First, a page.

In the granaries, there is always a guardian-manager appointed by the tribe, called L’amine. “Normally, he is the one who has the keys to open and close the attic. He is remunerated in kind, notably in barley. To ensure the management of the granaries of the Anti-Atlas in the region of Agadir for example, there was the Inflass, a council of wise men elected by the tribe, which has a customary law called the Llouh (also called Azerf, it was transcribed in Arabic letters by a taleb or Aalim on paper or wooden boards, editor’s note). On the other hand, in the region of Aoujgal, we did not find Llouh, but there is an oral customary law to manage these granaries. So there are a lot of similarities between the granaries, but there are also local specificities,” says Khalid Alayoud.
In the Azilal region, in addition to the cliff granary of Aoujgal, there is also that of Sidi Moussa. Located on a promontory over 2,000 meters above sea level in the happy valley of Aït Boughmez, it belongs to the category of high attics. In its plan to register collective granaries as a UNESCO World Heritage Site, the cultural heritage department indicates that this granary “is built of rammed earth and bounded by a split circular enclosure reinforced by four towers. It houses the tomb of the eponymous saint where women come to implore fertility through votive practices”.
In the Anti-Atlas and the western and central High Atlas, the attics of height are, according to the direction of the cultural heritage, buildings which marry the top of the hills or barred spurs overhanging a ravine or a valley. They are difficult to access due to the topographical layout of the land on which they were erected.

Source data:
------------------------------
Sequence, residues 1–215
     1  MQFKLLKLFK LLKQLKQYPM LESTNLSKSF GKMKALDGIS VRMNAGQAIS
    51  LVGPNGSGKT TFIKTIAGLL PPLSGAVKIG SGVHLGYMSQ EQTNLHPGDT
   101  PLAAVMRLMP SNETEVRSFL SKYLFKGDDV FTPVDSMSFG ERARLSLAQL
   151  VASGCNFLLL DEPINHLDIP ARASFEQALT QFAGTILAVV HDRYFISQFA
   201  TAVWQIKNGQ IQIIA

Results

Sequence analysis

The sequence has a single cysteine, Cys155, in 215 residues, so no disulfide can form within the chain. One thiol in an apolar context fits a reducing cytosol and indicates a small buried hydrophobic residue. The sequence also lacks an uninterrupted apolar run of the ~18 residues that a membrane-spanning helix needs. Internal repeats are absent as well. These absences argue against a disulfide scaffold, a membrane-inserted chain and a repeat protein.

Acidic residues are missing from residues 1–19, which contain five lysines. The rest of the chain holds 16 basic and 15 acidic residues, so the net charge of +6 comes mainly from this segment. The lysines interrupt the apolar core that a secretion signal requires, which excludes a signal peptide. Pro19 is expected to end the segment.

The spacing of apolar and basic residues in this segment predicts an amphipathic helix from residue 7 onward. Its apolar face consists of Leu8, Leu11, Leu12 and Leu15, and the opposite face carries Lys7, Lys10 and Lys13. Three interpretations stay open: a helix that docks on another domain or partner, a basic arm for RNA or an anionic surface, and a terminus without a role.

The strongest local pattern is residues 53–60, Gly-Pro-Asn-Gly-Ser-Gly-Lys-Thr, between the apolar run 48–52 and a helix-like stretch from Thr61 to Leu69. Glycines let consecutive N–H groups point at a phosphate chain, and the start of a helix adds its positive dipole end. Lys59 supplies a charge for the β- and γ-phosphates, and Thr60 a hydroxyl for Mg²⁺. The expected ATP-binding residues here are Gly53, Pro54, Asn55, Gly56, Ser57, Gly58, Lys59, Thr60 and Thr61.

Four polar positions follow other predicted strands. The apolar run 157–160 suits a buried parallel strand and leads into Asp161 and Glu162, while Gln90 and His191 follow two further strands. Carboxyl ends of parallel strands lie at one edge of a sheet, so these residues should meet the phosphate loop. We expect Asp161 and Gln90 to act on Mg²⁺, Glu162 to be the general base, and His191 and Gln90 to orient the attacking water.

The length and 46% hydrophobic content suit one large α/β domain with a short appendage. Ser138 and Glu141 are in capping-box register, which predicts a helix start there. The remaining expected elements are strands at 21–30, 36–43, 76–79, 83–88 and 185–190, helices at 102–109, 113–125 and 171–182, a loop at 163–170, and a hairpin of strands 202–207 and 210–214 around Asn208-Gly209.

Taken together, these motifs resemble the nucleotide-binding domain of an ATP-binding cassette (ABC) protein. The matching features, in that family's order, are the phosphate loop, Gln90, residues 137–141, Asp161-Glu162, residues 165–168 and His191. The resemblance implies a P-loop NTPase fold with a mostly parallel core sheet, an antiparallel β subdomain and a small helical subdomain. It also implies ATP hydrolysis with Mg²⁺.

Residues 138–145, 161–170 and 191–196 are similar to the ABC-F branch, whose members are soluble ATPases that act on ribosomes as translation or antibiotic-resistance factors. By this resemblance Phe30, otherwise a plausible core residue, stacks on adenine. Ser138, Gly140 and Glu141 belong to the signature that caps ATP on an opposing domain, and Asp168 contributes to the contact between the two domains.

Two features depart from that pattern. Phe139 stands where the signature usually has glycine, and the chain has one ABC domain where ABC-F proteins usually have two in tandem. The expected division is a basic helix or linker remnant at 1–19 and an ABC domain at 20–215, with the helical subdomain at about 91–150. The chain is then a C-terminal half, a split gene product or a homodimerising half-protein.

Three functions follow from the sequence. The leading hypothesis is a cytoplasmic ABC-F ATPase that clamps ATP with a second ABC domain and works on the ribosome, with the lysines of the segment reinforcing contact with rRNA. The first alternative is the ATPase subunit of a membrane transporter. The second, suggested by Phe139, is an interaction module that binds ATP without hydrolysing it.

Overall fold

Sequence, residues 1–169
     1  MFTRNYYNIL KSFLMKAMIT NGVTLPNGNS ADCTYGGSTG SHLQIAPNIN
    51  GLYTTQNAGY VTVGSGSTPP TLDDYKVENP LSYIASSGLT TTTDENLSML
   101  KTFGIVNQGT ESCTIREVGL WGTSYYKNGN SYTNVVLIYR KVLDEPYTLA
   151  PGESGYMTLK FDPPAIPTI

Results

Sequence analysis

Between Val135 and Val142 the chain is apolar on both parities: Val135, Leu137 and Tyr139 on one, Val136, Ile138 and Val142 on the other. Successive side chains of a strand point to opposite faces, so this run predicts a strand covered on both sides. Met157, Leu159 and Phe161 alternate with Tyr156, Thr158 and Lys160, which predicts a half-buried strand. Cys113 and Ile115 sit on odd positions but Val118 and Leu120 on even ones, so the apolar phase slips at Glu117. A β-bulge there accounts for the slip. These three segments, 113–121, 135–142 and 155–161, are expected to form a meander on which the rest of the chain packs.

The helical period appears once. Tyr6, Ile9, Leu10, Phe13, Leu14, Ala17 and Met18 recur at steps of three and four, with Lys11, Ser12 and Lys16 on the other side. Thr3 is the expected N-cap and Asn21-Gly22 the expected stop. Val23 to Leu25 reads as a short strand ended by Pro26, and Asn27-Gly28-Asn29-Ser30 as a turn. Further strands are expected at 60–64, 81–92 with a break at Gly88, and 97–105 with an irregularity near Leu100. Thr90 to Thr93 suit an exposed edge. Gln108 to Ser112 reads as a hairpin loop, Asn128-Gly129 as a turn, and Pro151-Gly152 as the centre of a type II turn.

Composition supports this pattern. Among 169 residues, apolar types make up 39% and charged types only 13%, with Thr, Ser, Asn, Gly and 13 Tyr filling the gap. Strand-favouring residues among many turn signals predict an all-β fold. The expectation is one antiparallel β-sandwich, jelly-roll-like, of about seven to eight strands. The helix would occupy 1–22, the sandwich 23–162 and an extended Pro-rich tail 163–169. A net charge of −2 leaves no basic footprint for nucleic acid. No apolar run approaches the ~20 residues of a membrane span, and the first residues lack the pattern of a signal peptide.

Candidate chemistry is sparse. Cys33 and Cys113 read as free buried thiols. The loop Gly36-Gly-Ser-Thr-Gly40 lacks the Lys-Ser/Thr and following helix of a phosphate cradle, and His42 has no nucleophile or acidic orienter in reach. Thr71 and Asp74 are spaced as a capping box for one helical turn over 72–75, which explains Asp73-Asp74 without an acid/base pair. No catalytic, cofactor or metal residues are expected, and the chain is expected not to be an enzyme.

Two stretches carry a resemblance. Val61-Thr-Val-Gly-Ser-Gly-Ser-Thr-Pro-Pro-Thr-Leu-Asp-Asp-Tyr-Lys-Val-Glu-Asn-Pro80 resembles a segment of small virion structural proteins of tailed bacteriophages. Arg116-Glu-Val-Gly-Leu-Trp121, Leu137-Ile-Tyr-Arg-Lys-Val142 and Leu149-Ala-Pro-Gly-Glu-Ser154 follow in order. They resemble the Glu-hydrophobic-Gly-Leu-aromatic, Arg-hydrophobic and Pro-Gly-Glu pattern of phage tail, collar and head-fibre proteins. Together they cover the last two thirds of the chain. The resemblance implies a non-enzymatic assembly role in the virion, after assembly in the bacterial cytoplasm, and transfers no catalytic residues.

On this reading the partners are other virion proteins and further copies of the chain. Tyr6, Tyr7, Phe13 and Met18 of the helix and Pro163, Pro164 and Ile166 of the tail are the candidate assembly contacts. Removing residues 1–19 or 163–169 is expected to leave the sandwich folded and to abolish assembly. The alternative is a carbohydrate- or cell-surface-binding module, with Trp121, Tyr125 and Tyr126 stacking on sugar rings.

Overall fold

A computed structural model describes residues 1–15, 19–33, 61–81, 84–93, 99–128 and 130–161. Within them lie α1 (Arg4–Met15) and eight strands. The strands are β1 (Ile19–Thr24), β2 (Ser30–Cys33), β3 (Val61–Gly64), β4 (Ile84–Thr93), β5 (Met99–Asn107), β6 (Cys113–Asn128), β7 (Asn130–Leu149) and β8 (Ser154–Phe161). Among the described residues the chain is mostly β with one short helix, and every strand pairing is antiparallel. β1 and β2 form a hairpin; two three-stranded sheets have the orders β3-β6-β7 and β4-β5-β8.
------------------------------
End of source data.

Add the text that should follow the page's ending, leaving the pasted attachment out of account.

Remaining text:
Ways of (on) life
“According to the interpretation of certain researchers in archeology and history, the high granary corresponds to an evolutionary phase of collective granaries linked to the improvement of the way of life which has changed from transhumance to sedentary lifestyle. This type of granary invariably has an enclosure, a cistern, apiaries, cells and surveillance towers”, underlines this Directorate under the Department of Culture.
Of cliff, height, plain, village, plains or caves, the attics represent part of the Amazigh and Moroccan identity and testify to the spirit of mutual aid and solidarity where they were built. “It is an extraordinary example of the ‘survival’ together that our ancestors created in spaces that have always been hostile. We must not forget that we are in semi-arid zones where there is not an abundance of resources and where we are therefore managing scarcity. These granaries were insurance for life. A kind of guarantee against food shortages and famines. When these granaries were well managed, we were sure to have enough to eat,” notes Khalid Alayoud.
Thus, and long after their construction, collective granaries concentrate, according to the teacher-researcher, a heritage that is both material, through buildings and construction techniques, and immaterial, which is reflected in the methods of construction. organization and management of very rare foodstuffs, without forgetting the very significant socio-cultural and spiritual aspects. Hence the urgency of their restoration and preservation in the face of the ravages of time and climate, but also of their classification as world heritage of humanity. A deal fully integrated today by the Ministry of Culture, which has already taken the lead on this subject through its Project to register collective attics on the UNESCO World Heritage List.